Housing Development Finance Corporation Ltd. will buy a majority stake in Apollo Munich Health Insurance Company Ltd. for Rs 1,347 crore—a move that paves the way for merging it with its general insurance business HDFC ERGO.
In the first step, HDFC will acquire a 51.2 percent stake or 18.39 crore shares in Apollo Munich from the Apollo Group for Rs 1,346.84 crore. This transaction will be subject to regulatory approvals from the National Housing Bank, Insurance Regulatory and Development Authority of India, and the Competition Commission of India.
The merger is expected to be complete in four months. In the second step, Apollo Munich shall be merged with HDFC ERGO General Insurance Co. Ltd., in which HDFC owns 50.49 percent while Germany’s Ergo International AG holds the rest.
The shareholders of Apollo Munich will get shares of HDFC ERGO once the proposed merger becomes effective, said a statement issued by HDFC ERGO. As yet, no details have been shared regarding the share swap ratio, etc.
This second part of the HDFC-Apollo Munich deal will be subject to final approval by the IRDAI, shareholder approval, and a nod from the National Company Law Tribunal. It’s expected to be completed within nine months, the filings said.
The boards of HDFC and the Apollo Group have approved this two-step merger deal in meetings held Wednesday.
The merged insurance entity on a Pro-forma basis has a combined market share of 6.4 percent of the non-life insurance industry, with 308 branches across the country. This also makes the combined entity the second-largest private insurer in the accident & health segment with a market share of 8.2 percent. HDFC Press Statement
The penetration of health insurance in India is still at a very nascent stage compared to the global average but is expected to drive the growth of the general insurance industry in the times to come, said Deepak Parekh, Chairman of HDFC and HDFC ERGO General Insurance, in a media statement. “This transaction will strengthen the HDFC group’s commitment to the growing health insurance segment.”
Agreed Ritesh Kumar, managing director, and chief executive officer at HDFC ERGO. Health insurance, he said, is the fastest-growing segment within the general insurance space. While the general insurance space is growing at an annualized rate of 17 percent, the health insurance segment is rising at 24 percent, Kumar told BloombergQuint over the phone.
We expect that health and accident [insurance] combined would emerge as the largest segment within the general insurance space. That’s the core rationale for the deal. Ritesh Kumar, MD, And CEO, HDFC ERGO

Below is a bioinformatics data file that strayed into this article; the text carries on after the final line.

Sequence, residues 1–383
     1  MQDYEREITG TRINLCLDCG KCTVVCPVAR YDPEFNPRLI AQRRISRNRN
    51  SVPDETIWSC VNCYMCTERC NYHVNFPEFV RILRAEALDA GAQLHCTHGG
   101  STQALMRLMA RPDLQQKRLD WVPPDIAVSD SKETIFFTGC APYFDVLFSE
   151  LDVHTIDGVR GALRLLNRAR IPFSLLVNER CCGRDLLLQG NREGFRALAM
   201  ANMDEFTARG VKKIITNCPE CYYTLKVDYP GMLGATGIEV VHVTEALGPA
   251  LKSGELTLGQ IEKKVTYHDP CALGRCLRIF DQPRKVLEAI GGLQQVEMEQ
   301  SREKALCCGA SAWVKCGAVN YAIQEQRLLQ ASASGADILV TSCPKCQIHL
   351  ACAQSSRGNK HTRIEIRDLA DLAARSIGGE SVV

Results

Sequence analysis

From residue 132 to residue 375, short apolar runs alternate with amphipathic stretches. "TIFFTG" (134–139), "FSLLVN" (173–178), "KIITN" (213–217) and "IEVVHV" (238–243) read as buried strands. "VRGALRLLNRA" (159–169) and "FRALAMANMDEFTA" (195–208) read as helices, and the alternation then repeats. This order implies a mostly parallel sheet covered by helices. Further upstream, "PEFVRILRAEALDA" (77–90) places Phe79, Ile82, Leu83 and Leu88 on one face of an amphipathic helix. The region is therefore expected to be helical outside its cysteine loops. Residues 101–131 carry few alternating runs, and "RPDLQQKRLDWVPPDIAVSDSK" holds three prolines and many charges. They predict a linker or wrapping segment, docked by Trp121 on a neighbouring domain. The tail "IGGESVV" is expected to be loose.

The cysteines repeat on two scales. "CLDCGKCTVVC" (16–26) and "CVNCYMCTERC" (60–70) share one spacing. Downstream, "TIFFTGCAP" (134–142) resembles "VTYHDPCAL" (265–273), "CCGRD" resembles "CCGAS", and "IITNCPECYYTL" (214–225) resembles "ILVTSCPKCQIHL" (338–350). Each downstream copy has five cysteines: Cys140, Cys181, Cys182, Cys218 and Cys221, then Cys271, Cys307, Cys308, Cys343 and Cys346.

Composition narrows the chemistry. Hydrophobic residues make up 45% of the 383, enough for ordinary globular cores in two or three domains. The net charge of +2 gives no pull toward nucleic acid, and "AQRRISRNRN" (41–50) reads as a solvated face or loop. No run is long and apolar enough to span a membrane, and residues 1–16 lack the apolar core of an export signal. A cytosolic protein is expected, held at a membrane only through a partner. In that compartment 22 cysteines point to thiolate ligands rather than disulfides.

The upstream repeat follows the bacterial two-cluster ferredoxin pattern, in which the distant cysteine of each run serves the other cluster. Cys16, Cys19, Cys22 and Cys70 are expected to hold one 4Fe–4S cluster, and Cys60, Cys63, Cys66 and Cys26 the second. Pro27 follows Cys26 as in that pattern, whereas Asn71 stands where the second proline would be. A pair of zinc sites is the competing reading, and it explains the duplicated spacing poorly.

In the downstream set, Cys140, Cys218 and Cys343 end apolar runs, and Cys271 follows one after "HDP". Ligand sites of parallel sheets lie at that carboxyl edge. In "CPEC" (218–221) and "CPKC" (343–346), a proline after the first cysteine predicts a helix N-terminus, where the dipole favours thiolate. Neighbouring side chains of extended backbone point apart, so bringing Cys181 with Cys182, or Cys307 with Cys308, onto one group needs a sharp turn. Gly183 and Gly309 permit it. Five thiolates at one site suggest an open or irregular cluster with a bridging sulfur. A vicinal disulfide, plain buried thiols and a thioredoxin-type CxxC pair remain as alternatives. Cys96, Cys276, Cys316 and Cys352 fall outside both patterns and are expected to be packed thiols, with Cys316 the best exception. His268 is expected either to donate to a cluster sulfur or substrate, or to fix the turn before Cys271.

Shobana Kamineni, the chairperson at Apollo Munich, said the deal with HDFC ERGO was done so that both companies could work with the same partner, which is Munich Re. “This was not a forced sale. This is a strategic exit.” Also, the deal would help Apollo reduce its debt, she said.
Apollo Munich is a 51:49 joint venture of Apollo Hospitals Group and Munich Health (Munich Re’s health business segment). Apollo Hospitals holds approximately 10 percent and Apollo Energy holds 40.4 percent of Apollo Munich.
“With this transaction, we are very much looking forward to further strengthening our ties with HDFC Group and consolidating our presence in India,” Markus Riess, chairman ERGO Group AG Germany and member of the board of Munich Re said on behalf of Munich Re.
According to Nidhesh Jain, insurance analyst at Investec, HDFC’s acquisition of a 51.2 percent stake in Apollo Munich for Rs 1,346.84 crore is at very reasonable valuations.
“The acquisition is a very reasonable valuation, an EV to the gross written premium ratio of 1.23 is lesser than 1.5x valuation Star Health got and is on par with 1.2x for Max Bupa. From HDFC’s perspective, it’s at a good price and will make HDFC ERGO a sizeable player in the non-life sector,” said Jain.
The deal to build a larger presence in the non-life insurance business comes three years after HDFC failed to do the same in the much bigger life insurance sector. In August 2016 the HDFC board approved the merger of Max Life and Max Financial Services with its insurance arm HDFC Standard Life Insurance Co. Ltd. The merged entity would have created the country’s biggest private-sector life insurer but failed to muster regulatory approval.
(With inputs from BloombergQuint)